NEW YORK (
) -- They say life is like a box of chocolates and you never know what you're going to get. Although the fundamental principle of that axiom often falls to the ranks of the underappreciated, it reminds me of the unpredictable nature of investing. It has always been a challenge, however, to say the same about packaged food giant
-- a stock I have always considered to be pretty expensive from the standpoint of its price-to-earnings multiple of 23. It seems Wall Street always has some different ideas when it comes to valuations, and I'm now realizing that this just might have been one of those stocks that I allowed to get away.
Looking at the performance chart of Hershey over the past three years has made me realize I am not as smart as I think I am. Although this is not the first time I have come to this conclusion, it's even more egregious that this is the second time I have repeated this same mistake on this particular stock. Two years ago upon the completion of the first run-up of 50%, when the stock rose to $52 from $35, I felt there was no way that it would be sustainable.
Hershey's performance in recent years should quiet the critics who say the stock looks sweet but doesn't deliver.
To my delight it showed a slight dip (first red bar in the chart) and retraced slightly. But like an amateur, I got greedy and wanted more. The stock then showed some resiliency and recovered slightly, but only to repeat the same pattern (second red bar). Mind you, this was at the height of the financial crisis generating broad economic concerns -- the entire market had a bearish bias. So again, I stood idle waiting for the decline that never arrived. Since then the stock has gained another 50% to reach its current level of $68 as of this writing after having received an upgrade suggesting a price target of $78.
What hurt my chances with Hershey (aside from some miscalculations) was the emphasis placed (too much so) on not only valuation but also relative/comparable analysis. What I had begun to notice several years ago, though, were the less-than-stellar earnings performances from within the packaged-food sector -- and from some prominent names such as
and my kids' new favorite stock,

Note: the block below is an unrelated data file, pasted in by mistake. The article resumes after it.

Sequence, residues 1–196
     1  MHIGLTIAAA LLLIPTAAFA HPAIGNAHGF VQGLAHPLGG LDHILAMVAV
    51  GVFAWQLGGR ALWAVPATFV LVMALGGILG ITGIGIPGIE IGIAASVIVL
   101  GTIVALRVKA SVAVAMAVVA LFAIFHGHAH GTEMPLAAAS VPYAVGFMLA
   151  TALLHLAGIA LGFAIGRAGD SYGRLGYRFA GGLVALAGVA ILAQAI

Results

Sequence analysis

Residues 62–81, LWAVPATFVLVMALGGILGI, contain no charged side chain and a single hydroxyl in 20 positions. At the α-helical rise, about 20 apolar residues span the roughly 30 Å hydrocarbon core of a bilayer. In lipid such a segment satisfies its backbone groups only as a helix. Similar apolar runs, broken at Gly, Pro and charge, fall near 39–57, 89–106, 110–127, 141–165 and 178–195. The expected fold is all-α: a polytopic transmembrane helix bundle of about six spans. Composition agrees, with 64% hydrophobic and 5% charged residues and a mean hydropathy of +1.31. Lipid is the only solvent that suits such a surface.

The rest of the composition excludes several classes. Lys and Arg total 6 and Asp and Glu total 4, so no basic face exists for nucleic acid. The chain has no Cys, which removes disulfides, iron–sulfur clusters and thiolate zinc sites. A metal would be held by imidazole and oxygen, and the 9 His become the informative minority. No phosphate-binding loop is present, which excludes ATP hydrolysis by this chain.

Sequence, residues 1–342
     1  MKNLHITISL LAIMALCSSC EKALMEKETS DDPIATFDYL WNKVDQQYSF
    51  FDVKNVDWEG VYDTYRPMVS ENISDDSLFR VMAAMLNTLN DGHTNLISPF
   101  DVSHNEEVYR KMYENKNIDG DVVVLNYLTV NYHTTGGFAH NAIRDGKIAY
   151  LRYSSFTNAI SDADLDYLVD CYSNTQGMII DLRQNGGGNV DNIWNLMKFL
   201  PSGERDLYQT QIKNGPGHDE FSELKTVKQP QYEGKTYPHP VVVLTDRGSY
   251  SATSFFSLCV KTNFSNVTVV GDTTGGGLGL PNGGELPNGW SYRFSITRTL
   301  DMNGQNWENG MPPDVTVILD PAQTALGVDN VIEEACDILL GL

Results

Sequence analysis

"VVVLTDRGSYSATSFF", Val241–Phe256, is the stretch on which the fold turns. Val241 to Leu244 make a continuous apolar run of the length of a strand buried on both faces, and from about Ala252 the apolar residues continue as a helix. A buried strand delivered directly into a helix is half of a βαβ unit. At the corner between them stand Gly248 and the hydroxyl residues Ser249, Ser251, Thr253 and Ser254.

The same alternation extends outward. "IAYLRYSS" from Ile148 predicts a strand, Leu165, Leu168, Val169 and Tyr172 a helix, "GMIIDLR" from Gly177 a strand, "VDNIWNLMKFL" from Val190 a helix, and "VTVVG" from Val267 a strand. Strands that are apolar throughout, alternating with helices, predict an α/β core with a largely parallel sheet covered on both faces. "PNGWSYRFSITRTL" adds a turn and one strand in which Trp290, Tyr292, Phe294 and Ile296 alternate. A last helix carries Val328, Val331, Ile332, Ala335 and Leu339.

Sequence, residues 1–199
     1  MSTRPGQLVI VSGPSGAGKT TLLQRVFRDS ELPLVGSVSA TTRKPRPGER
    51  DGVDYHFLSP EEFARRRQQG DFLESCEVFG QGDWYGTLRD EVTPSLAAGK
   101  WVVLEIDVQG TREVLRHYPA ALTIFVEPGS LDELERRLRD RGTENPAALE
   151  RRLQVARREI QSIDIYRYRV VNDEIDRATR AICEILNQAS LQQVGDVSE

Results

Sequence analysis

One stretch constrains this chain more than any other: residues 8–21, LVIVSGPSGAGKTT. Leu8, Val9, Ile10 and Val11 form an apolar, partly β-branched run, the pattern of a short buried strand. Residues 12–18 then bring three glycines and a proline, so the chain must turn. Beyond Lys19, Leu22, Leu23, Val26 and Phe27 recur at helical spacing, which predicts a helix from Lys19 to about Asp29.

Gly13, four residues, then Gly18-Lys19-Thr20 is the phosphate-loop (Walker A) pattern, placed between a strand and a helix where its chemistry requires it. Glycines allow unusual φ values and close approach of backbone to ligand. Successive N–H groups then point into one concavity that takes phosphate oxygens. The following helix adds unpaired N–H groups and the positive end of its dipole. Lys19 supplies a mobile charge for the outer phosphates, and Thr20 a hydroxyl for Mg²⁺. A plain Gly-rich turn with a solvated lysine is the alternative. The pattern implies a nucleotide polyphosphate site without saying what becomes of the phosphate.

Although things have improved significantly from within the sector, there was no way to predict intelligently what would have been the end result -- particularly after almost the entire sector was forced to raise prices, including Hershey. From that standpoint, the company's management deserves a considerable amount of credit for not only having navigated the company from a difficult economic environment, but for having delivered an exceptional start to 2012 and, more specifically, its recent first quarter.
The quarter that was
In its most recent quarter, the company reported net income of $198.7 million or 87 cents per share on revenues of $1.73 billion, representing a 24% increase over the same period a year ago, when it earned $160.1 million while revenue rose 10% annually. Even more impressive, and rubbing salt in my wounds, is the fact that not only is this the third consecutive quarter of revenue increases, but the company continues to raise its margins year-over-year after inching up 1% from last year. It is hard to describe how impressive a performance this was, but realizing that the company doubled its revenue expectations (which were 5%) by reaching 10% while also improving gross margins, it really puts things in perspective.
As great as these numbers were, it did disappoint some analysts that the company did not raise full-year guidance for the second quarter, resulting in a downward adjustment to 63 cents per share from 64 cents and down a penny to $3.13 per share for the full year. But be that as it may, this did little to restrict an analyst at
from upgrading the stock and adding a projected 16% increase in value to the shares to $78.
As great of a performance as this has been for Hershey, it has been an even bigger learning experience for me as an investor. While price, value and various relative appraisal methods will always have a place in my model of stock selection, Hershey will forever stand out as one of the ones where the model failed. From a current investment perspective, it is still a challenge to think that the stock is anything but expensive at this level, particularly as Kellogg and Kraft (and for that matter
are trading at much lower valuations.
Wait a minute, this all sounds familiar ...